2016 Market Outlook: 14 Experts On What To Watch

Posted by Orla O'Brien, Media Specialist on Nov 30, 2015 4:00:00 PM

What’s in store for global markets in 2016? We asked analysts, strategists and traders across Loomis Sayles to pinpoint trends and potential trouble spots for the markets next year.

Auto Trends

Bocamazo-Quote.jpg"I expect consumer tastes to continue to shift in 2016 with the cross-over vehicle (CUV) gaining market share, principally at the expense of small and mid-sized passenger cars. Chinese consumers are adopting a similar affinity for CUVs, given recent sales trends. The growth in the popularity of CUVs is likely attributed to:

• Better fuel economy and handling compared to previously offered models
 Lower gas prices
• Empty-nesters trading down from larger SUVs
• A growing number of drivers who prefer 'command seating,' which allows drivers to sit higher, giving them a better view of the road"

—  Steve Bocamazo, associate director of credit research

 

Technology

Ursillo-Quote.jpg"Three trends I believe will continue to influence and disrupt the industry in 2016:

• Consolidation, with the largest ever mergers in semiconductors and hardware
• Cloud disruption, which has hyperscale service providers and emerging technology companies changing the demand for and buying patterns of traditional on-premise technology products
• Activism, as vulnerable companies that are not benefiting from the previous two trends are targeted by an increasing number of aggressive shareholders pushing for change

What am I focused on for 2016?

• Pursuing investments that leverage cloud trends or are not in the path of its destruction (social networks, for example)
• Avoiding exposure to companies that have been disrupted by cloud-based technologies
• Continuing to seek out stocks that could see a lift from a takeout or traditional activist pressures, such as margin improvement and better capital return policies"

— Tony Ursillo, senior equity analyst  

Telemedia

Sung-Quote.jpg"I believe online video streaming will become a key phenomenon that helps drive the future of the telecom, cable and media industries. In 2016, online video viewing will continue to proliferate, with the long-anticipated launch of Apple TV video subscription service adding to the recent releases of DISH's Sling, Verizon's GO90, Comcast's Watchable, HBO's Now, and the accelerated growth of Netflix and YouTube.

 The number of cable video subscribers, especially of large bundles, will likely continue to decline. Cable distributors should increasingly win residential market share from telecom and satellite operators as their higher quality/ higher speed internet service becomes paramount for video downloading. Cable companies are likely to raise fees on broadband services to compensate for the gradual decline in linear video."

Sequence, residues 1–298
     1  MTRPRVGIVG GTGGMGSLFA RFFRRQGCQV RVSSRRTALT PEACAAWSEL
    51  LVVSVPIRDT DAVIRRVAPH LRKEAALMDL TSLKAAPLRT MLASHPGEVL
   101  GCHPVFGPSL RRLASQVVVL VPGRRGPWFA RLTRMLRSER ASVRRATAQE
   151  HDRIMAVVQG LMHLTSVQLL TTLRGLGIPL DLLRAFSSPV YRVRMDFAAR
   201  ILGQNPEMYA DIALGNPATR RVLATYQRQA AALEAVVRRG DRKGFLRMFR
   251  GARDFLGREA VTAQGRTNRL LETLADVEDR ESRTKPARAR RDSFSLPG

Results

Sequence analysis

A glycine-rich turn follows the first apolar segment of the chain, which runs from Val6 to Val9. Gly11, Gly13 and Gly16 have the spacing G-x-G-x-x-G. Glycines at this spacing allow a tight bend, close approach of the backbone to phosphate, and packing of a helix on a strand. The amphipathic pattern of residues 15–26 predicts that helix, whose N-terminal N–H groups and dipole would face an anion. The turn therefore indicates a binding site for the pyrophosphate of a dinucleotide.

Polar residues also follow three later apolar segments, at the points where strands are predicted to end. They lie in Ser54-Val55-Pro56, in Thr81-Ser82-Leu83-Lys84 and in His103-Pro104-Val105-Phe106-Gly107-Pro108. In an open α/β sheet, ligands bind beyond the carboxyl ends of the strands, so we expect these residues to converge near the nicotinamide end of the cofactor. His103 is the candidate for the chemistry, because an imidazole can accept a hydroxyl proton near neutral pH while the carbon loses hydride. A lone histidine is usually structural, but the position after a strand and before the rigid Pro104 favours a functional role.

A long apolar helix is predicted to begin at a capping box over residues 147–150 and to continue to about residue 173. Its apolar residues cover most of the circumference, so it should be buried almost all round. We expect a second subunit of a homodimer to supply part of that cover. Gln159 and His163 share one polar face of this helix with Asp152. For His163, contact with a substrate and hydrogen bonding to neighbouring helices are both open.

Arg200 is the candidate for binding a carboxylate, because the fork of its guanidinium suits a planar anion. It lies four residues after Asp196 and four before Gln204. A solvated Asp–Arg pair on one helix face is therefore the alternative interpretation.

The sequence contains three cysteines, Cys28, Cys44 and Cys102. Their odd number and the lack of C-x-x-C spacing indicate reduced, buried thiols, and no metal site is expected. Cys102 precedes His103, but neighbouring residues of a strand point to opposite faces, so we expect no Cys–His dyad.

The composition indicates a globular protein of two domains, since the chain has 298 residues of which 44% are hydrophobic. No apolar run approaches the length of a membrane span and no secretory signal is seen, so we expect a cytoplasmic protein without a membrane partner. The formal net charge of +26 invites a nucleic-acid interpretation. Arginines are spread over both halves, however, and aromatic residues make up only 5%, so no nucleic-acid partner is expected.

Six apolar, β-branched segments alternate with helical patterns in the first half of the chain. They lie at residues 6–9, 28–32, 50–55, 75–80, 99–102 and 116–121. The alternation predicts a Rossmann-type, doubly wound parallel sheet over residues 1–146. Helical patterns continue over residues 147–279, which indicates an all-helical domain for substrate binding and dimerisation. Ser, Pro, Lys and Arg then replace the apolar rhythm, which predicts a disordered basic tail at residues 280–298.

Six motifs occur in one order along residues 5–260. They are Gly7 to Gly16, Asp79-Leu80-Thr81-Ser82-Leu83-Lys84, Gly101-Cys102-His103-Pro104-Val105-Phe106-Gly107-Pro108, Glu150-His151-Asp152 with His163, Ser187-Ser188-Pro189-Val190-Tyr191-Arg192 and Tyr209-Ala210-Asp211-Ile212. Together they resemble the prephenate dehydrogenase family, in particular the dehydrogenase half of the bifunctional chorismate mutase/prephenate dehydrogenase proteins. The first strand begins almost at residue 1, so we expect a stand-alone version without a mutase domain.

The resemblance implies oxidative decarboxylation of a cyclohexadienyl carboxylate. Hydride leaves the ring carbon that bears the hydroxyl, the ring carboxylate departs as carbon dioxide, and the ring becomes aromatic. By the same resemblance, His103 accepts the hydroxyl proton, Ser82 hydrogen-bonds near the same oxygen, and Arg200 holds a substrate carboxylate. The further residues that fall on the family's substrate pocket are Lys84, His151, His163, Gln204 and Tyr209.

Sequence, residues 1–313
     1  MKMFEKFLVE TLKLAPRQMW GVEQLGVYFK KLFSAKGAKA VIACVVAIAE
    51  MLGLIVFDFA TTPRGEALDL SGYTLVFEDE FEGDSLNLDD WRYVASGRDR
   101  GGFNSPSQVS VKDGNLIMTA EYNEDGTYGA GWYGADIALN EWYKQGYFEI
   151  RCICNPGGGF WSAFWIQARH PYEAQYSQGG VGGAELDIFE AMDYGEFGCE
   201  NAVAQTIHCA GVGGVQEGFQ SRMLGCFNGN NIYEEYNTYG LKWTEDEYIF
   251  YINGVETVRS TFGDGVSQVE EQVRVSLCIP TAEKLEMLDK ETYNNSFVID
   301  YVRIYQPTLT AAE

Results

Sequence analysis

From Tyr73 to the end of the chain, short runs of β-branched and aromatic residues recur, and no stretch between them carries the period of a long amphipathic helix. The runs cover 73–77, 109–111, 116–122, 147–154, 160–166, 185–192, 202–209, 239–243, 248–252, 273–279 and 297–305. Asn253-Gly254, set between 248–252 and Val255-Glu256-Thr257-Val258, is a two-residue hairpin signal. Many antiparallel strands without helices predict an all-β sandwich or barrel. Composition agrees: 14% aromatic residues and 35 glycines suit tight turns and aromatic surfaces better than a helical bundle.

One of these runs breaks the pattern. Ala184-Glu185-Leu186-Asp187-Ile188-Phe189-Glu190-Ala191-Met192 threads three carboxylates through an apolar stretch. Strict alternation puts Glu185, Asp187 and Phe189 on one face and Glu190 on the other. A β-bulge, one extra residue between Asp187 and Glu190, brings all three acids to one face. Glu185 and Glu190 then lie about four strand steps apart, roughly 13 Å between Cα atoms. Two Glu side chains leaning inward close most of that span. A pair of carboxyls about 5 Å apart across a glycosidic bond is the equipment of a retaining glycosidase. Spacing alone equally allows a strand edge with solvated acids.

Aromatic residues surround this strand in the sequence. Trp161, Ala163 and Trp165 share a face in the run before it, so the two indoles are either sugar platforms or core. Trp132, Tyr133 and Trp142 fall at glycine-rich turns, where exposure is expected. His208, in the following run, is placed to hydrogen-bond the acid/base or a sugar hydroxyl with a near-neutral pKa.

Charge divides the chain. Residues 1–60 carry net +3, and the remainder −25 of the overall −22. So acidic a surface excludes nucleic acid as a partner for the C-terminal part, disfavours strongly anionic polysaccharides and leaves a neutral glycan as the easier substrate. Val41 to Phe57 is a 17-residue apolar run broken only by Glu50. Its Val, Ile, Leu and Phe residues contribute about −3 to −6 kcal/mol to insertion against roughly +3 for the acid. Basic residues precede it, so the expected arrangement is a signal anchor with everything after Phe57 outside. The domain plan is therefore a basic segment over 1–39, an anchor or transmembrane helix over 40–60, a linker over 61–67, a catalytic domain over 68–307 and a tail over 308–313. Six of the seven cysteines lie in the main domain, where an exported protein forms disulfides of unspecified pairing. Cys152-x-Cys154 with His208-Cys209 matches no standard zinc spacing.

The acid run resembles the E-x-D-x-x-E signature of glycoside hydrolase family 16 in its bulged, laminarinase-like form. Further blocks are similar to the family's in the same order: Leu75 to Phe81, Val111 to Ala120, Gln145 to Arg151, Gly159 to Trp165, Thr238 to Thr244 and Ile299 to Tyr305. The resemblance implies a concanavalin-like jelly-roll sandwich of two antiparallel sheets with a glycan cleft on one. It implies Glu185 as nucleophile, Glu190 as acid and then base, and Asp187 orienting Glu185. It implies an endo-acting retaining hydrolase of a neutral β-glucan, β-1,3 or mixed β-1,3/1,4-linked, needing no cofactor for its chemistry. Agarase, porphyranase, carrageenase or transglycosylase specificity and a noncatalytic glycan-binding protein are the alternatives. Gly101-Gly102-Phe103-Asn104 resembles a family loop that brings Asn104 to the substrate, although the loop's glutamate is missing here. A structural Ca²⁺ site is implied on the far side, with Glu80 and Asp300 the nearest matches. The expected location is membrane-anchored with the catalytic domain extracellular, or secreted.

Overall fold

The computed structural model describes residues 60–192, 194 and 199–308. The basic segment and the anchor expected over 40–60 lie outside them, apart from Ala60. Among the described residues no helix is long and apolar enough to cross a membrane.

— Janet Sung, senior credit research analyst

US Banks

Schroeder-Quote.jpg"Most balance sheets remain very strong with high capital ratios, strong liquidity and historically low non-performing loans and loan losses. The quality of loans to the oil and gas sector is being watched closely, but exposures currently appear too small to have a significant impact on asset quality statistics. Overall, US banks continue to cope well with the low interest rate environment. Most US banks should benefit from interest rates when they begin to rise."

 
— Elizabeth Schroeder, senior credit research analyst

 

 
 
 

 

Global Banks

Wellesley-Quote-1.jpg"Banks around the world face a variety of challenges. In Europe, the new euro zone regulator is enforcing stricter bank capital rules. And in much of Asia, banks are dealing with deteriorating loan quality due to the ripple effects of China's slowing economy. I think bank prospects won't improve much until the world economy starts to pick up momentum in 2016."

— Julian Wellesley, senior equity analyst 

 

 

 

Latin America

Taylor-Quote-1.jpg"The slowdown in China is causing clouds to gather over the outlook for Latin America in 2016 and beyond. Without the terms of trade tailwind, Latin America will have to bootstrap new drivers of growth.  It won't be easy as the region (with the exception of Mexico) hasn’t done any meaningful reform.

The Mexican reforms may not have helped the oil sector, but they have helped to unlock credit growth and have brought inflation down, increasing real wages. This, coupled with an MXN depreciation that increased the purchasing power of remittances coming from the US, means the consumer is likely to lead economic growth next year. If Banxico can stay sidelined, we could see an upside surprise to growth. 

Unfortunately, there are not many other upside surprise stories to be told. The tightening cycle in Colombia could derail the last hope of growth they have. Chile and Peru are on the same path, only they face even stronger headwinds from China's de-industrialization. 

Brazil's delicate political 'disequilibria' will lead to another downgrade in the coming year, and another recession is fully expected making this the worst economic downturn since the 1930s."

— Bianca Taylor,  senior sovereign analyst  

Bank Loans

Stober-Quote.jpg"Some investors view loans as useful only in an 'up-rate' environment. 2015 showed that they are more than that. Loan performance, particularly conservative loans, really stood out against other fixed income asset classes despite continued rate-move delays from the Fed. Our outlook for 2016 remains positive as a limited bank loan maturity schedule should lead to another below average annual default rate."

— Cheryl Stober, product manager

 

 

 


Asia and El Niño


Tay-Quote-2.jpg"A strong El Niño event occurs about every 20 years. This cycle’s El Niño is shaping up to rival the 1997 granddaddy of El Niños.